Non-Roma who previously lived in Eastern and Western Lower Hrušov, meanwhile, have been allocated flats in other parts of Ostrava. According to Deputy Mayor Kudela, the pre-flooding inhabitants of Lower Hrušov were predominantly Roma and poor non-Roma. Presently, according to Deputy Mayor Kudela and community worker Mr Kumar Viswanathan, the inhabitants are exclusively Roma. Roma living in Lower Hrušov agree with this assessment. Ms Jana Tišerová told the ERRC: "The people living in this house are all Roma. They live in ground floor flats. I moved from a ground floor flat to the first floor after several requests. The flat I moved into was previously inhabited by a non-Romani woman named Ms šarka Pepíková, who was given a flat in Ostrava Dubina. She was given a flat ahead of Roma despite the fact that the lower-floor flats were in worse condition then her own flat. It is clear to me that whites were given preference to move out of Lower Hrušov, while we [Roma] were forced to stay here." Furthermore, according to ERRC research in Ostrava in early 1999, municipal authorities in the predominantly non-Romani neighbourhood of Dubina, an area with newly-constructed flats, reportedly refused flats to persons with evidently Romani surnames3.
Presently, Roma are often offered flats, but mainly inside Lower Hrušov. Ms Jana Tišerová told ERRC: "Klíma and Babincová at the housing authority say that I don't have the right to move out of Lower Hrušov, only from Lower Hrušov to Lower Hrušov. They offered me another flat at Žižkova street in Eastern Lower Hrušov, near the former sweets shop and not far from a local grocery shop. You should have seen it. There were no floors, no gas stove. Mr Koky, a Romani advisor at the Social Office gave the keys to me, but I gave them back. I could not possibly go there. I have four small children; they can't live in conditions like that." A frequent reply to requests by Roma to be given a flat outside Lower Hrušov is that they have not paid debts and that is why they have no right to be given a flat outside Lower Hrušov. Ms Jana Tišerová told the ERRC that this is an excuse to deny Roma housing outside Lower Hrušov: "I don't have any debts. Klíma says that I have unpaid interest on a previous debt. But that is not true." The ERRC knows of no decision stating that persons with unpaid debts are ineligible for flats outside condemned areas.
In a perverse twist, Roma living in Lower Hrušov pay among the highest categories of rent in Ostrava. Ms Iveta Žigová told the ERRC, "I pay 1700 Crowns rent (approximately 50 euro) and in total with the electricity I pay around 2035 crowns (approximately 55 euro)." This is high rent by Ostrava standards. Ms Jana Tišerová, who lives in Western Lower Hrušov, told the ERRC: "My rent is around 2700 crowns a month (approximately 75 euro) and my flat is regarded a first-category flat. They put in some heaters in the flat, and now they call it first category."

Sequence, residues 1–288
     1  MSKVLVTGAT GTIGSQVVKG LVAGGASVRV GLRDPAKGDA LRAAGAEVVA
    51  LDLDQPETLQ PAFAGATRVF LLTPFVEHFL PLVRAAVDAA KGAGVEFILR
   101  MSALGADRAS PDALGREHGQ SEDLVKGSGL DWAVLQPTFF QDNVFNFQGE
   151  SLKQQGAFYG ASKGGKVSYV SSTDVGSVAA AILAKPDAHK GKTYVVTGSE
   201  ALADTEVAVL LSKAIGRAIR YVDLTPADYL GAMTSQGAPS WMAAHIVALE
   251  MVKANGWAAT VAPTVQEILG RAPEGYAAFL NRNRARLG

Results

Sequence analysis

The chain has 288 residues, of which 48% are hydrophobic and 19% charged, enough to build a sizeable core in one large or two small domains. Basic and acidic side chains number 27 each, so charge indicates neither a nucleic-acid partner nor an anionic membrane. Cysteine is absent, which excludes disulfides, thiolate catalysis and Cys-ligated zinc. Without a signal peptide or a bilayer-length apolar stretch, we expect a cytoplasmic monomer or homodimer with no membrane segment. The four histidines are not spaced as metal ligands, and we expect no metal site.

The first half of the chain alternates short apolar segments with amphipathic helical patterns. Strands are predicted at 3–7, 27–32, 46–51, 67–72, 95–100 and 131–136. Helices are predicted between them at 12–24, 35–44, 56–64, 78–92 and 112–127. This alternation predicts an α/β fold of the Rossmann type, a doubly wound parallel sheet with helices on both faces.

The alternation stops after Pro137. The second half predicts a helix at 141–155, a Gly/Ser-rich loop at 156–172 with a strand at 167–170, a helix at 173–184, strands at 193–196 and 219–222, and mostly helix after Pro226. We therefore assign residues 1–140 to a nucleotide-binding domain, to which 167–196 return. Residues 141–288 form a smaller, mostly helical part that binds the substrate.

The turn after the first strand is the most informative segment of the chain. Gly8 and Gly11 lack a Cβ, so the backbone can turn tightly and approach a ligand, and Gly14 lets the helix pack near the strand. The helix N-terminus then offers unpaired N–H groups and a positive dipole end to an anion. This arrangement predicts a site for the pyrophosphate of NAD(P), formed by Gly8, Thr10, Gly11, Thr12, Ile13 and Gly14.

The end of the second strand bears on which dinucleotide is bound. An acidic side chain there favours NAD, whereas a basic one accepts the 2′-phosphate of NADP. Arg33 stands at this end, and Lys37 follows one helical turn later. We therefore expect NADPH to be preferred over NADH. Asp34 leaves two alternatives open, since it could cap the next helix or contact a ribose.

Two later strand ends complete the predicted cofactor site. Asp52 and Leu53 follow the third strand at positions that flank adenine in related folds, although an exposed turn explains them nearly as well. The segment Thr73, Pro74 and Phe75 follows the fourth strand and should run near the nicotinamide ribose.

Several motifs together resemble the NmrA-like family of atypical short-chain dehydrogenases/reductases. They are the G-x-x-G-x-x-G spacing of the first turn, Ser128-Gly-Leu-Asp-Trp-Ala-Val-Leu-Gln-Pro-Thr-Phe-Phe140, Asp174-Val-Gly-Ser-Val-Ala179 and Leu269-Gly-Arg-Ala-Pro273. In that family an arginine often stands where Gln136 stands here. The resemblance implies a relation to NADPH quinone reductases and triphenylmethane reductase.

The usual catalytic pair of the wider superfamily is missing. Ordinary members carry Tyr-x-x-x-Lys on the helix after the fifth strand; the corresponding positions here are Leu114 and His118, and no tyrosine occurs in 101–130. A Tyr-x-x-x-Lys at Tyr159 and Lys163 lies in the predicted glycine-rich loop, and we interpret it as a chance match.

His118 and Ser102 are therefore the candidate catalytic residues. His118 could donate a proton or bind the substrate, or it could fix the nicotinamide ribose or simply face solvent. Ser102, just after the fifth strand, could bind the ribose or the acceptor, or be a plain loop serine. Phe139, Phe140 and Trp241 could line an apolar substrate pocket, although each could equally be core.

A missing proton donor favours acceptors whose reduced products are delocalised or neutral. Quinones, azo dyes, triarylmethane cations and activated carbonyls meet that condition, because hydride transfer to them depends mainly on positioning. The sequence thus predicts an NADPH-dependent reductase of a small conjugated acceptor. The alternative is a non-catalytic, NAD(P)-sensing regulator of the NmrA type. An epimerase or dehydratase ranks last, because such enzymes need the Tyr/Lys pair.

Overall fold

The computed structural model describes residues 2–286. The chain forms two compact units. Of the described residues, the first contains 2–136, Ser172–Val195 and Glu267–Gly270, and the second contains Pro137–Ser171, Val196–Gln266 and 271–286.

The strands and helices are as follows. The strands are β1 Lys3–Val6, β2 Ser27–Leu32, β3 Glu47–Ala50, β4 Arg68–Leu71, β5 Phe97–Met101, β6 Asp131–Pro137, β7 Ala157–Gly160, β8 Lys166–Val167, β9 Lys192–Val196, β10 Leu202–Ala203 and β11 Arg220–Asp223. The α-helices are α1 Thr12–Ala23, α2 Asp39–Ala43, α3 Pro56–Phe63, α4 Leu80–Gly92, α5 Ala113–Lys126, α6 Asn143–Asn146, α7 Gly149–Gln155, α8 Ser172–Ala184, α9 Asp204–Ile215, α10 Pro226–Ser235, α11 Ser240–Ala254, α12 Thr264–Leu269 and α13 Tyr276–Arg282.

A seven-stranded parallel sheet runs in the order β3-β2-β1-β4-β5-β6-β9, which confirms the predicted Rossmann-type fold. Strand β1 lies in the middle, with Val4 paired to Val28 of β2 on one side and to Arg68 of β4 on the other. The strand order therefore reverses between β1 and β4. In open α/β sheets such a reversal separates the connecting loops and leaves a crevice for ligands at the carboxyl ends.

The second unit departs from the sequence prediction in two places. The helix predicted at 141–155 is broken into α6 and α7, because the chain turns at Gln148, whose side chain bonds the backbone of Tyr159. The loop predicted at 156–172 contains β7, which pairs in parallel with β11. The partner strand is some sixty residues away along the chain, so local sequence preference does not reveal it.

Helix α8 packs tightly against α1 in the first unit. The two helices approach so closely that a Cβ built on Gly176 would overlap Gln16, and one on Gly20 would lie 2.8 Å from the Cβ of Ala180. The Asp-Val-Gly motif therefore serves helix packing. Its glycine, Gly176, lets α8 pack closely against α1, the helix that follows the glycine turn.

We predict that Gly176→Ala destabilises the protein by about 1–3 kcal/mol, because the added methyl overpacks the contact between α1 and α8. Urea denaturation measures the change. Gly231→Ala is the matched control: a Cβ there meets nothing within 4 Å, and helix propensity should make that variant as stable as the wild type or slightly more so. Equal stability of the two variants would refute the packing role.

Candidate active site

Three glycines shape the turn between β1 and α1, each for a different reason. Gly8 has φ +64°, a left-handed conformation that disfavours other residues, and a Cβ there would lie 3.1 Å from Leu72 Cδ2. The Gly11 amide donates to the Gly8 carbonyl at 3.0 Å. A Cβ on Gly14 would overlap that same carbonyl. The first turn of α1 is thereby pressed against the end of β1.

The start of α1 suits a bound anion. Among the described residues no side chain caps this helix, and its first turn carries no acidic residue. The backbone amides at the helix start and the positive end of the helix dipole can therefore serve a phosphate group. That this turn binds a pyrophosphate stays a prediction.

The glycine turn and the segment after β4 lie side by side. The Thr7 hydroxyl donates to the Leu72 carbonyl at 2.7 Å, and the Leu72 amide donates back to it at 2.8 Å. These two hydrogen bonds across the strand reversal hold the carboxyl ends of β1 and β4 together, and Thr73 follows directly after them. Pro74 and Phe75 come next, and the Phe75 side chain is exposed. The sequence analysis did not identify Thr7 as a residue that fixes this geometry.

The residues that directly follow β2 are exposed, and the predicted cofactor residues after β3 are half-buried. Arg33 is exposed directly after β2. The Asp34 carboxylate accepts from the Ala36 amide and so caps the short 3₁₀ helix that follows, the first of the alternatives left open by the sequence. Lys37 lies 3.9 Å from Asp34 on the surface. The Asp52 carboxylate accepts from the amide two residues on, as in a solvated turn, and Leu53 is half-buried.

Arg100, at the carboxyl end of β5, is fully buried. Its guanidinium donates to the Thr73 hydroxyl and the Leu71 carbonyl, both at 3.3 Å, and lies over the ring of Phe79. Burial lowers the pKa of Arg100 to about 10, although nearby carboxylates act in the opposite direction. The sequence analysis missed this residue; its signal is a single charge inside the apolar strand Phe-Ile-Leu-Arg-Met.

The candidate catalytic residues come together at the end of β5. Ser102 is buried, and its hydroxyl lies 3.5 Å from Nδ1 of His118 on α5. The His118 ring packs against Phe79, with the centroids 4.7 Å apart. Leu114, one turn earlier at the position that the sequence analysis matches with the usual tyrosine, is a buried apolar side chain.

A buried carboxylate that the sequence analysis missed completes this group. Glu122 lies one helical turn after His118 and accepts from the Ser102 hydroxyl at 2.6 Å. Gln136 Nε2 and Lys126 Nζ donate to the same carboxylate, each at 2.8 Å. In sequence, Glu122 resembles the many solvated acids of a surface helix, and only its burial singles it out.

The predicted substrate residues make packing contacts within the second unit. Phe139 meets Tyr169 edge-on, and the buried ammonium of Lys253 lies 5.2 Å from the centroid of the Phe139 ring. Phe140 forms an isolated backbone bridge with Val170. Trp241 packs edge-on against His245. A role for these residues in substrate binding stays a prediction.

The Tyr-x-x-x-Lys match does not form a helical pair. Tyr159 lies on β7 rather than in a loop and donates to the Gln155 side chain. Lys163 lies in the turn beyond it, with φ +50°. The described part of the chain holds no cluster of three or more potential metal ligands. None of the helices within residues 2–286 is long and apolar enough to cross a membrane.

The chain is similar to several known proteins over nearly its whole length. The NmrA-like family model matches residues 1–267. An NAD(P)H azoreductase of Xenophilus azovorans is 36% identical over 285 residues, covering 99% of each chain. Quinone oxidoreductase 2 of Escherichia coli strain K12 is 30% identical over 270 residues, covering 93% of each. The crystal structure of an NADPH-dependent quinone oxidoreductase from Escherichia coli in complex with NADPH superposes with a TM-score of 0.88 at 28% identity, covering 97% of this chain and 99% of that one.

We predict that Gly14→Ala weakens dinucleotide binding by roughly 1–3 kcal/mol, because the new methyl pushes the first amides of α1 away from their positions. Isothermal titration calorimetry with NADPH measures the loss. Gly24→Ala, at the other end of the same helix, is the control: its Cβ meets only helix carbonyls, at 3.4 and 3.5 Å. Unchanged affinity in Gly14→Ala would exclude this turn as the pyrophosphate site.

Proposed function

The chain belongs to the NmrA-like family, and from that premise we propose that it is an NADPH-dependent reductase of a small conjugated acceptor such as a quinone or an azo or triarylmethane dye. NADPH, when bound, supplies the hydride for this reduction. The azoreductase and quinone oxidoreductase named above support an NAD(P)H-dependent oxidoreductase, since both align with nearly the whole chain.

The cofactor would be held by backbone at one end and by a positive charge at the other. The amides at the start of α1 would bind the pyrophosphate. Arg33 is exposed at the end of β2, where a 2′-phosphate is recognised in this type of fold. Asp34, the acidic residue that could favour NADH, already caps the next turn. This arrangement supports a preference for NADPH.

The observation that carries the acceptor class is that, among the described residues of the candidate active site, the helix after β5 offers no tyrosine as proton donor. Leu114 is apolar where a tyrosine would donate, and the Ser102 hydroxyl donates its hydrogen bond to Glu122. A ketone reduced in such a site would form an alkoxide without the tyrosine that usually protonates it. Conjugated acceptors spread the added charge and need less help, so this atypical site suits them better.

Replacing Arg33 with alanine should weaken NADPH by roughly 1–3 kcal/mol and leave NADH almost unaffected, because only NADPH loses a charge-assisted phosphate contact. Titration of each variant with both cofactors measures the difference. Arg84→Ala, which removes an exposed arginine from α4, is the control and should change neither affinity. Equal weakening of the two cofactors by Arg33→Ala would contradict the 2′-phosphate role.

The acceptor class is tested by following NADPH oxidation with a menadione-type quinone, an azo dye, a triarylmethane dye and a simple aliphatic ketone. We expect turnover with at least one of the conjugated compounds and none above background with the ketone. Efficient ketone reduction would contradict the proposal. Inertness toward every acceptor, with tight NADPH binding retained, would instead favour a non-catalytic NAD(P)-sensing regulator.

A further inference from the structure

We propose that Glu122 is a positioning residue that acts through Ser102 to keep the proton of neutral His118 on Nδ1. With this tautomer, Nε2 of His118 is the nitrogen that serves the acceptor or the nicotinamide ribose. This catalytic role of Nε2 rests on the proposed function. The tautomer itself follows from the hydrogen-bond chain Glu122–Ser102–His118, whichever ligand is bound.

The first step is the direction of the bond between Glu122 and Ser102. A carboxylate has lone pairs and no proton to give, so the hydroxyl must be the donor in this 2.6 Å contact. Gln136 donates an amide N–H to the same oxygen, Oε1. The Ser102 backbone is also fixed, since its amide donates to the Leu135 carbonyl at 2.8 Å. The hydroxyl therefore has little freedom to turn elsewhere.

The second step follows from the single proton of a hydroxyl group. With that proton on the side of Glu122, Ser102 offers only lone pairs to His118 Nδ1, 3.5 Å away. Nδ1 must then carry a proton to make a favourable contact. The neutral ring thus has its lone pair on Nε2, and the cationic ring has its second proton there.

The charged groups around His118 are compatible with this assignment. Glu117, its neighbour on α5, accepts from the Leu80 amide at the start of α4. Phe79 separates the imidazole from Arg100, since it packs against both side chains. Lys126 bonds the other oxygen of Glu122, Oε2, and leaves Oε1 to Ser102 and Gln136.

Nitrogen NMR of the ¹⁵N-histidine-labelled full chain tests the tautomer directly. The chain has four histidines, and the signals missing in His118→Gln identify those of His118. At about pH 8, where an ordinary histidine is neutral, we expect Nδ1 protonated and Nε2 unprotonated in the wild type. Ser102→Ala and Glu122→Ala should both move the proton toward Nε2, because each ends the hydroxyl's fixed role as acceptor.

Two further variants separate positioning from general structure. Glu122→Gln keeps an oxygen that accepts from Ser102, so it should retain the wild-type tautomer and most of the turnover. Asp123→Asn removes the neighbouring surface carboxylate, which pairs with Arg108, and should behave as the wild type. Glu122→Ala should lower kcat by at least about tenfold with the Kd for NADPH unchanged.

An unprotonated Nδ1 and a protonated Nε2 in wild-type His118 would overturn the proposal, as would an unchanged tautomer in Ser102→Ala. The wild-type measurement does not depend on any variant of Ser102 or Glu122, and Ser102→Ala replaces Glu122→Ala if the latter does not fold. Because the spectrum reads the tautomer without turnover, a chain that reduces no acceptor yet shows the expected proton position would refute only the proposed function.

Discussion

The municipality of Ostrava is unwilling to provide Roma from Lower Hrušov with housing outside the Lower Hrušov area, despite the fact that the Office of the Main Architect of the City of Ostrava regards the area as unsuitable for living and that the area has been banned for human habitation by the city itself; Lower Hrušov has, since the flooding of 1997, become a Romani ghetto. Additionally, the flats in which Roma presently live are regarded the highest or second-highest quality, which means that occupants pay relatively high rents. In light of the conditions in which they live - with rats, mould, damp walls, dysfunctional sewage systems, no garbage collection and the threat of further flooding - Roma in Lower Hrušov face daily humiliating and degrading treatment at the hands of the Ostrava municipality. According to the information provided by Deputy Mayor Kudela, there are flats under construction in the neighbourhood Ostrava Heřmanice. These should be made available to Roma from Lower Hrušov, but Deputy Mayor Kudela is afraid to "concentrate" (his word) them in Heřmanice. There are two reasons for this, according to him: "Gypsies steal chickens and also fruit from the gardens. Also, Heřmanice is my neighbourhood; I live there."
- Eva Sobotka is former project co-ordinator of Helsinki Citizens' Assembly - Roma Section in Brno, Czech Republic. She is presently a researcher at the Richardson Institute for Peace Research (UK) and is undertaking a comparative study on Roma minority policy in the Czech Republic, Hungary, Slovakia and Yugoslavia. She is a volunteer for the ERRC.
- See Hrušov quarter, Ostrava, Czech Republic.
- See Hrušov quarter, Ostrava, Czech Republic.